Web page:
Field Work by Seamus Heaney is a collection of poems that follow his removal from Belfast, Ireland, to the country south of Dublin in the County Wicklow. It’s clear that even as his family has been away from the troubles in Northern Ireland, they are still foremost in his mind and poems. Some of these poems are elegies to the friends and family he has lost along the way, but these poems are less focused on the political and more focused on his internal, emotional struggle with the issues in Ireland. In “Oysters,” the narrator talks of himself as an estuary in which the oysters atop, and as he tastes the saltiness he recognizes that the oysters are “alive and violated.” As the poem evolves, it is clear that the oysters are Ireland, split in two — ripped apart violently. As the narrator eats, he recognizes that he must be deliberate in his actions or he will be forced into action, actions that could be reckless.
In “Casualty,” the narrator wants to supply a full picture of the Irish struggle — a man sits at a bar and continues to drink from the high shelf and he’s a “dole-breadwinner.” But soon we see him through the eyes of the narrator, a man with a quick, observant eye. His death is swift and among the other 12 in a Derry blast, in which “Everybody held/his breath and trembled.” A man that questioned and raised concerns, simply swept away by a random decision to enter an bar that was not his usual. How many times can we say we have deviated from our routines and how soon before we find ourselves the next casualty of a decision we had no idea was bad.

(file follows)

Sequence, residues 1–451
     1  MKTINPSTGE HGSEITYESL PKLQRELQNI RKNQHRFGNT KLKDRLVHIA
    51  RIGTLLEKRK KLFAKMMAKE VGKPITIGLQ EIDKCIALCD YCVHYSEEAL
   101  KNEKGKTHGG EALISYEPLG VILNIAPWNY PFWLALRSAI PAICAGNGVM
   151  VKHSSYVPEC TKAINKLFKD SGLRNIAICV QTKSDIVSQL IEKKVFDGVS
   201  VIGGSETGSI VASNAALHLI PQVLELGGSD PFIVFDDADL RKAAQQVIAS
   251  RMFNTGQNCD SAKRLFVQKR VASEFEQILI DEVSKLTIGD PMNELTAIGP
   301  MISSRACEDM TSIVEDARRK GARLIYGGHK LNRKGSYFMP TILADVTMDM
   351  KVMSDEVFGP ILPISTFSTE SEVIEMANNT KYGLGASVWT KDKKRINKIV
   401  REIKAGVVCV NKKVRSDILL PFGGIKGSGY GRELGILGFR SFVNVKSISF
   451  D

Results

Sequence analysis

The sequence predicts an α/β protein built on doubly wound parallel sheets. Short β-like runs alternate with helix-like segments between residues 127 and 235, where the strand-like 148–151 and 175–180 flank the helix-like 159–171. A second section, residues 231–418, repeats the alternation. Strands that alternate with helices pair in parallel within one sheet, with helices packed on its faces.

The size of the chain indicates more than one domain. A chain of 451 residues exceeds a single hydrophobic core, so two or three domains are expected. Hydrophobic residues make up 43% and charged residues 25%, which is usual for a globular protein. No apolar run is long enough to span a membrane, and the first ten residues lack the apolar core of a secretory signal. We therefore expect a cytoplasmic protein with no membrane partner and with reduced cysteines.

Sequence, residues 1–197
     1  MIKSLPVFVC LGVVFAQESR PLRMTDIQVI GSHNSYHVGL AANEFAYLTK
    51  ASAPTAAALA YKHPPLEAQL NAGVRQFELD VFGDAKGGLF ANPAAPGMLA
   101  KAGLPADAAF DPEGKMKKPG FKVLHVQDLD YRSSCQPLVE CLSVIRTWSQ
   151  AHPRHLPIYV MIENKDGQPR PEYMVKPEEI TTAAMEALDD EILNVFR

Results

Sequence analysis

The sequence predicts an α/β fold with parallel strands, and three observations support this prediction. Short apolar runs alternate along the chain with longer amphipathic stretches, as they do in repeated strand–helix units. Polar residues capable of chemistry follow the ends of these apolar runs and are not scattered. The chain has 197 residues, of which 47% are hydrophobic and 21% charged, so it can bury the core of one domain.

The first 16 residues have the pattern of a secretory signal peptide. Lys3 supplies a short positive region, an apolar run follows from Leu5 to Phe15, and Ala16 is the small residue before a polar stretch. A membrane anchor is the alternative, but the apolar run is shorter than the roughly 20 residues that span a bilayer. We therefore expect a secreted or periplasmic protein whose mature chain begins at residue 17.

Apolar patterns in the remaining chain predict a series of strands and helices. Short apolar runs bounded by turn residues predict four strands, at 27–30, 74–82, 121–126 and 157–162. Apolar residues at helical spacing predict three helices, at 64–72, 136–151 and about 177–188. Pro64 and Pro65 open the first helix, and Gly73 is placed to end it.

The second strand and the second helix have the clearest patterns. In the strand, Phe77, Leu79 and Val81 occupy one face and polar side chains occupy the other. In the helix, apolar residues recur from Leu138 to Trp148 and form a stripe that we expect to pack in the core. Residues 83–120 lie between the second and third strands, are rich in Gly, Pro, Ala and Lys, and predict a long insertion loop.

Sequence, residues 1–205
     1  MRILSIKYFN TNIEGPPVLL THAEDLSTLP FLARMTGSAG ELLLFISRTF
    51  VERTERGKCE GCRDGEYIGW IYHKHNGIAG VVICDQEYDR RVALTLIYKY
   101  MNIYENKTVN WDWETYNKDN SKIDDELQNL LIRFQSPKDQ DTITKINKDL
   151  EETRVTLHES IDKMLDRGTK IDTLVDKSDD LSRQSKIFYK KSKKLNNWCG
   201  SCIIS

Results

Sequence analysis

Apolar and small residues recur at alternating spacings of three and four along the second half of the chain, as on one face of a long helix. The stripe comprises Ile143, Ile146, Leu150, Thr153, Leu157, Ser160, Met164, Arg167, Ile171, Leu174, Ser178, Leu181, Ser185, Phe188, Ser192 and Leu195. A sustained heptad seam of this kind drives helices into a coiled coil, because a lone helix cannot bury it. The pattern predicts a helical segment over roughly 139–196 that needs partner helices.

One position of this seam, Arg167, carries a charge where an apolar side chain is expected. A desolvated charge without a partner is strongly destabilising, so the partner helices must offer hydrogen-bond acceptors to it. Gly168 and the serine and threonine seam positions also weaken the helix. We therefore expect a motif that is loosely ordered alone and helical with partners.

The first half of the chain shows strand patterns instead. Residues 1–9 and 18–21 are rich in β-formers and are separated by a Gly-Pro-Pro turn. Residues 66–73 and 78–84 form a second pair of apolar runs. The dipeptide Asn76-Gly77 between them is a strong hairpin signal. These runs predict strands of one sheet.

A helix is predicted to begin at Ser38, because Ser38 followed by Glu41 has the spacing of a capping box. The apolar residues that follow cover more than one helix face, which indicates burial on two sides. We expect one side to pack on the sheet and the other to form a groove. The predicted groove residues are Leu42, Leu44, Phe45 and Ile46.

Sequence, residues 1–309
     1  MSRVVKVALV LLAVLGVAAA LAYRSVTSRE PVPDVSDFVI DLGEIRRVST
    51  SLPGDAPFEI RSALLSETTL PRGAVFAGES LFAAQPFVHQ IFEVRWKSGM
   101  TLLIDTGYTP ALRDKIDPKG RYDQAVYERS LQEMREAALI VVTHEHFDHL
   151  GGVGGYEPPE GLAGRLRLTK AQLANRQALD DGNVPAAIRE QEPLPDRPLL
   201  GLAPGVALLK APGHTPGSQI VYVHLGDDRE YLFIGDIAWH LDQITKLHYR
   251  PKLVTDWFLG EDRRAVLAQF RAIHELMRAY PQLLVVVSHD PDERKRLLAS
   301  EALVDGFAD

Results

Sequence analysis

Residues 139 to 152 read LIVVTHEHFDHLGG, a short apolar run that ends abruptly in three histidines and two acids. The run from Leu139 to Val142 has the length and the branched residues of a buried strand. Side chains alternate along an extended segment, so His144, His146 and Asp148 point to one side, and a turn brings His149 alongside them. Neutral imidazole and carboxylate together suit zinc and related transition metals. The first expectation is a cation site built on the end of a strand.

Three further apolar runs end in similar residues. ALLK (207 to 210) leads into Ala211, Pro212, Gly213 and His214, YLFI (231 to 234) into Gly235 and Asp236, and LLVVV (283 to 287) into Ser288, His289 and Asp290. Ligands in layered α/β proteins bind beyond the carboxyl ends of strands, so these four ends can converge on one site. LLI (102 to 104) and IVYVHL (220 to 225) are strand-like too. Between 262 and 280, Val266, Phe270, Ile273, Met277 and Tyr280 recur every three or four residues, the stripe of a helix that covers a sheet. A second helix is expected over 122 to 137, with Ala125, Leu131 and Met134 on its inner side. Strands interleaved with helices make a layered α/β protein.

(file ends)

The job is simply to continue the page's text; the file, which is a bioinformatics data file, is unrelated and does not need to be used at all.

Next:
The downtrodden, the working class, and others are here between these pages. “The gunwale’s lifting ear –/trusting the gift,/risking gift’s undertow–/is unmanned now//” (“In Memoriam Sean O’Riada”) In a nod to Yeats, Heaney examines what the artist and musician means to him, but cautions that he is not the same as the fisherman that Yeats held in esteem. There are several references and allusions to Yeats in this collection.
However, one of the best rendered sections may be the “Glanmore Sonnets” where Heaney turns his keen eye to the country around him. Here he demonstrates his love for the people in the country and their welcoming nature, though his thoughts do turn to other times, especially during a “first night … in that hotel … ”
X I dreamt we slept in a moss in Donegal On turf banks under blankets, with our faces Exposed all night in a wetting drizzle, Pallid as the dripping sapling birches. Lorenzo and Jessica in a cold climate. Diarmuid and Grainne waiting to be found. Darkly asperged and censed, we were laid out Like breathing effigies on a raised ground. And in that dream I dreamt -- how like you this? -- Our first night years ago in that hotel When you came with your deliberate kiss To raise us towards the lovely and painful Covenants of flesh; our separateness; The respite in our dewy dreaming faces.
There is a dream-like quality to many of these poems, as Heaney meditates on the past and the present issues facing Ireland. The narrator says in “High Summer,” “On the last day, when I was clearing up,/on a warm ledge I found a bag of maggots/and opened it. A black/and throbbing swarm came riddling out/life newsreel of a police force run amok,/sunspotting flies in gauzy meaty flight,/the barristers and black berets of light.//” It’s clear that the struggles are ever-present, even in the country, and there is no escaping their dark shadows even in Field Work by Seamus Heaney.
About the Poet:
Seamus Heaney was an Irish poet, writer and lecturer from County Derry, Ireland. He was awarded the Nobel Prize in Literature in 1995, “for works of lyrical beauty and ethical depth, which exalt everyday miracles and the living past.”